An exaggeration, perhaps, but the more I read of Steve Bryant’s piece the more I found myself nodding my head in agreement. He describes how, having written about, blogged about, seen mashups of and otherwise consumed content related to the Borat movie, he has virtually no interest whatsoever in buying or watching the DVD. “Media is changing from entertainment into utility,” he says. “Media that can’t be manipulated is almost useless.” When listening to the radio, he says he wants to freeze the broadcast so he can pull a link from it and email it to someone. Likewise when he watches TV or goes to the movies.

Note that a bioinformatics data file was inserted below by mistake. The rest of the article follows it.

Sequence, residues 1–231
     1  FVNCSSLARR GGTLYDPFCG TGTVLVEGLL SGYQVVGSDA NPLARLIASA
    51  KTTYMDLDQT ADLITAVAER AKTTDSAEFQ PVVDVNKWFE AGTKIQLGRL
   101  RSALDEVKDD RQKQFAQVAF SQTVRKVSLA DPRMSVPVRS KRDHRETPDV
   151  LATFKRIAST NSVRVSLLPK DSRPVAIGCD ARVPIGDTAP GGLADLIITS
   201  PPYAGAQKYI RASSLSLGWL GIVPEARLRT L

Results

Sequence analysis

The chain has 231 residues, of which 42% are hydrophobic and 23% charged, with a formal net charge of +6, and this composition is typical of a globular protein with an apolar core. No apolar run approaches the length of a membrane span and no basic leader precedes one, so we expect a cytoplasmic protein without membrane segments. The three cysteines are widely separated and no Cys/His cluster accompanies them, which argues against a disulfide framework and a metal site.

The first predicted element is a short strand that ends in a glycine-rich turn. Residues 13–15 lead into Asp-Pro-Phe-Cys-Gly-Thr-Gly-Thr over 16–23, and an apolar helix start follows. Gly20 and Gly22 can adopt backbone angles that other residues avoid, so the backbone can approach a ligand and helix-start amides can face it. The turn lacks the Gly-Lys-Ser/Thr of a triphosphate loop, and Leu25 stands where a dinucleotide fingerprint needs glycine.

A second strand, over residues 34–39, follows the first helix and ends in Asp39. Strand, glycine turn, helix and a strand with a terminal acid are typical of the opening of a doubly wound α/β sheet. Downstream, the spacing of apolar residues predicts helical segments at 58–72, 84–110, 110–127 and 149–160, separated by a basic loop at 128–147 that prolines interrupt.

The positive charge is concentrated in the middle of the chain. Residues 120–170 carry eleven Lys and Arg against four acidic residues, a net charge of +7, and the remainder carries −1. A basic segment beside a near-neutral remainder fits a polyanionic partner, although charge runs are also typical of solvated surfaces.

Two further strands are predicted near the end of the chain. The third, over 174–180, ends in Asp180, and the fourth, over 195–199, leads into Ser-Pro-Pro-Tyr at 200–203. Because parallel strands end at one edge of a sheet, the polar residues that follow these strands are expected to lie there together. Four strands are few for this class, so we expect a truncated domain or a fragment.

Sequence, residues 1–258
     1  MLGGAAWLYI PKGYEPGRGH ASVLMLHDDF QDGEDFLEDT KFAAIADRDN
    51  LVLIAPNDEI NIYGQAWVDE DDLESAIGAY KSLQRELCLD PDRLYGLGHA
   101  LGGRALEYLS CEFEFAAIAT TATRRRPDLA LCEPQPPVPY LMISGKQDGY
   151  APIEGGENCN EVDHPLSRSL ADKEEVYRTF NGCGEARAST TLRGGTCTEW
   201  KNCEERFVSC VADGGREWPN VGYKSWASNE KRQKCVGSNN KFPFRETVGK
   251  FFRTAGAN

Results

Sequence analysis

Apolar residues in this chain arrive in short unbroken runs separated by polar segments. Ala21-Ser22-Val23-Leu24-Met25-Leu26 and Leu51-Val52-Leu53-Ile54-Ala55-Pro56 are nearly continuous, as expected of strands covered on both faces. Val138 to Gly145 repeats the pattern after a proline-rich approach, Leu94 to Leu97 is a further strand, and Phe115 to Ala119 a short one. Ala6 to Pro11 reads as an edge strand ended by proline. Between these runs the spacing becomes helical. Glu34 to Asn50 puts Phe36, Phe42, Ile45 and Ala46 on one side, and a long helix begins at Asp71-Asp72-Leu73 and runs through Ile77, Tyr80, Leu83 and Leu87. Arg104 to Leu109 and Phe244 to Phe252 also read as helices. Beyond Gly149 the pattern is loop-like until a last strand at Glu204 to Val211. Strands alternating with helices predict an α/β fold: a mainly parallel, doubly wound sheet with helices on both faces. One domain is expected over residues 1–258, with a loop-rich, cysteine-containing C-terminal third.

All of the chatting and blogging and linking and YouTube-watching, he says:
“make a greater imprint on my psyche than any single media event inside a theater — or inside a DVD — could have. It’s simple reward/response psychology. Online, I can track who watches my clips, who reads my posts, who liked my mash-up. The Internet flatters us with attention in a way Hollywood no longer can.”
The solution? “Join the gabfest while the gabbing is good,” Bryant says. “Get rid of distribution windows, or shorten them dramatically. Between the theatrical release and the DVD, seed the Web with deleted scenes. When the DVD comes out, include shareable clips and tell people to upload them. And put the entire movie online. Allow people to stream it, download it, whatever.”